Pope’s address to bishops may have been his most important

This story appears in the Francis in the United States feature series. View the full series.
Pope Francis arrives to the Cathedral of St. Matthew the Apostle for a meeting with U.S. bishops Sept. 23 in Washington. (CNS/Jonathan Newton, pool)

Pope Francis arrives to the Cathedral of St. Matthew the Apostle for a meeting with U.S. bishops Sept. 23 in Washington. (CNS/Jonathan Newton, pool)

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Editor's note: This is the first of a two-part series. Click here for Part 2.

For an hour or so the first full day of his U.S. visit, Pope Francis was immersed in a setting quite different from the raucous scenes of adoring throngs lining the streets, the crush of thousands at an official White House greeting and thousands more gathered for the liturgy during which Fr. Junipero Serra was canonized. The pope had a relatively quiet hour at midday prayer Wednesday with his brother bishops at the Cathedral of St. Matthew the Apostle.

His talk here, which registered as a few highlight points in most of the immediate coverage, may have the deepest and most enduring consequence for the Catholic community. His speech before Congress, for instance, will be mined and dissected in the way expected in a pluralistic democracy. There is far less room for parsing the words of the Bishop of Rome speaking to brother bishops.  

In five intense paragraphs mid-homily, Francis laid out an insistent call for dialogue – with everyone and in all directions – and explained what he considered the requirements for “authentic dialogue.” He also rejected “harsh and divisive language” which may temporarily satisfy but does not persuade in the long run. Though Francis did not state it as such, his “reflections” on the matter were the clearest repudiation to date of the style of some U.S. bishops who have become characterized as “culture warriors,” loudly condemning the culture and often its leaders and others who voice disagreement with or challenge church positions.

The pope’s instruction, said Bishop David Zubik of Pittsburgh, either “has to confirm a style a person already has or has to judge those whose style isn’t that.” The point, he said, is that “you don’t get very far building walls. It never happens that way. People first have to be able to listen to each other,” he said. “You don’t accomplish anything with a stalemate.”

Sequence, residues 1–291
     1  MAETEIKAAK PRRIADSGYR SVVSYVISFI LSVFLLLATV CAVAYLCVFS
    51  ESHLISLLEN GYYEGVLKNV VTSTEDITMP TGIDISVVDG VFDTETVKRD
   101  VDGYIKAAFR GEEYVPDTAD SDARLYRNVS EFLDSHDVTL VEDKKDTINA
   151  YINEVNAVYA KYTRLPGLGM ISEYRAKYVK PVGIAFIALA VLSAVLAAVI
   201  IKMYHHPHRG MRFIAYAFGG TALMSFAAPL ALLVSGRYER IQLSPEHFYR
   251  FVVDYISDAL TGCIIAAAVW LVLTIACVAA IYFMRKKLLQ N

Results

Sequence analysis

Zubik, who was in the cathedral with the pope declare himself “thrilled by the direction he is calling us to.” The appeal to dialogue applied to the bishops themselves as well as the wider culture, he said. “We have to continue to talk about how we become partners together” to “serve the faith and the country.”

About 300 bishops were assembled for the service in the Romanesque style cathedral on Rhode Island Avenue. As the bishops filled the front and center rows, dressed in “house cassocks,” with magenta, watered-silk sashes around their waists and wearing the same color zucchettos, or skull caps, the image was unmistakable of a very exclusive, men-only organization. The point was underscored by two women interviewed by NCR. Both are enthusiastic about Francis and his various initiatives while at the same time critical of the fact that despite this pope’s frequent references to inclusiveness, this meeting of church leadership was a conversation among men only.  

Related: San Diego bishop: Pope's model of church one of transformation

Francis began by lavishing gratitude on the church of the United States and its leaders. Only two lines of the talk inspired spontaneous applause. The first in which he voiced his support, speaking of himself in the third person: “He puts his hand on your own, a hand wrinkled with age, but by God’s grace still able to support and encourage.”

The second came a paragraph later when he said he was “conscious of the courage with which you have faced difficult moments in the recent history of the church in this country without fear of self-criticism and at the cost of mortification and great sacrifice.” He ended that segment by saying he understood “how much of the pain of recent years has weighed upon you and I have supported your generous commitment to bring healing to victims – in the knowledge that in healing we too are healed – and to work to ensure that such crimes will never be repeated.”

The reaction was immediate. Victims and their support groups are clear that they consider the bishops just about anything but courageous in their handling of abuse. And the question remains for many whether the bishops – whose steps to remedying the situation came only after public opinion and legal intervention forced their hand – were applauding themselves for their courage or the pope’s assertion that “such crimes will never be repeated.”